8 Tips and Tricks for Your DIY Meals and Snacks

Article posted in: South Beach Living
DIY meals and snacks

There’s a reason South Beach Diet is so appealing. We cook for you. And by cook, we mean we have a team of chefs that create fresh, nutritious meals that are high in protein, fiber, vitamins, minerals and flavor. All you have to do is heat them up. So…we get why creating DIY meals and snacks is intimidating.

On the South Beach Diet, you’re responsible for cooking or ordering two DIY breakfasts, two lunches, two dinners and two snacks over the course of the week. They can be spread out over two days or spaced all throughout the week. The point is that by incorporating DIY meals and snacks into your diet, you have the flexibility to go out to eat, having friends over for dinner and most importantly, learning the principles of a balanced meal that you can carry with you even after your weight loss journey is over. And to do that, you need to know how to prepare your own nutritious meals. You’ve got this. Really.

To get started, check out our full grocery guide >

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Here are eight tips to get you started with DIY meals and snacks :

1. Stick to What You Know

Grilled chicken breast

Are you used to going through the drive-thru for a double cheeseburger? While the idea of a fast food favorite should be avoided, enjoying a cheeseburger,  believe it or not, is still an option as long as you follow the South Beach Diet handbook with Lean Protein, Good Carbs, Non-Starchy Veggies and more. When heading out to eat, let South-Beach-approved foods and pre-made meals be your guide whether you’re ordering out or cooking at home. Love our Artichoke & Spinach-Stuffed Chicken Breast but heading out to dinner? Ask the restaurant for grilled or baked chicken with the same ingredients or new combinations—tomato and basil, spinach and mushrooms, or onions and peppers.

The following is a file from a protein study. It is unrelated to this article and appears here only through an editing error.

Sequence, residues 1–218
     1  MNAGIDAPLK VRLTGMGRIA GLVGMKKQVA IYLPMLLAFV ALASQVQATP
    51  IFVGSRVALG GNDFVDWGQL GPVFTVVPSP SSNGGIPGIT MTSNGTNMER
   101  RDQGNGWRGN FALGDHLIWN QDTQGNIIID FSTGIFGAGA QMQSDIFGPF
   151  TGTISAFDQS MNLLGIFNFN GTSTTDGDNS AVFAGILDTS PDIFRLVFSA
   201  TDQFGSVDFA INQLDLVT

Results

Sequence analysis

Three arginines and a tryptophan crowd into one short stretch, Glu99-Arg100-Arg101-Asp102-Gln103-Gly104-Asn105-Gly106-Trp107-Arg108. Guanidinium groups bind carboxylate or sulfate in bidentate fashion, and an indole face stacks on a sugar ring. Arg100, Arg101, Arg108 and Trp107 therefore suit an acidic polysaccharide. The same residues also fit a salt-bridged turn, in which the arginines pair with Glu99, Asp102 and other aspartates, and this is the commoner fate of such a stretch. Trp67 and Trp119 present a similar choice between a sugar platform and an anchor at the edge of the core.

2. Home Sweet Home

cooking at home

The best way to manage portions for your DIY meals and snacks and be in total control of what you’re eating is to cook at home. People who frequently cook dinner at home consume fewer calories than those who cook less and consume fewer calories when they eat out, says research published a November 2014 study by Public Health Nutrition. With restaurants adding to already inflated portions, it can be challenging to stay on track. But we’ve got you covered—just ask the server to box up a third of your food before it arrives at your table. Or, order one entrée and split it two or three ways.

3. Out and About

dinner out to eat

We’ve got a few more bright ideas for when you eat out—because you will. Avoid buffets; they’re just asking patrons to overeat. Seek out a restaurant with a diverse menu and good selection of fresh food and ask for a lighter-fare menu or guideline to help streamline your options. Then, ask your server to hold the bread so it’s never a temptation. Order a salad or veggie-based soup to start. Beware entrees and main courses that don’t list each ingredient and try to avoid foods with a glaze, crispy coating or creamy dipping sauce. If it’s a special occasion—and you’ve planned the rest of the day accordingly—have one drink (12-ounce beer, 4-ounce dry red or white wine, or cocktail with 1.5 ounces of liquor), split an appetizer or have the smallest dessert on the menu (and share it if possible).

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 4. Don’t Procrastinate

meal prep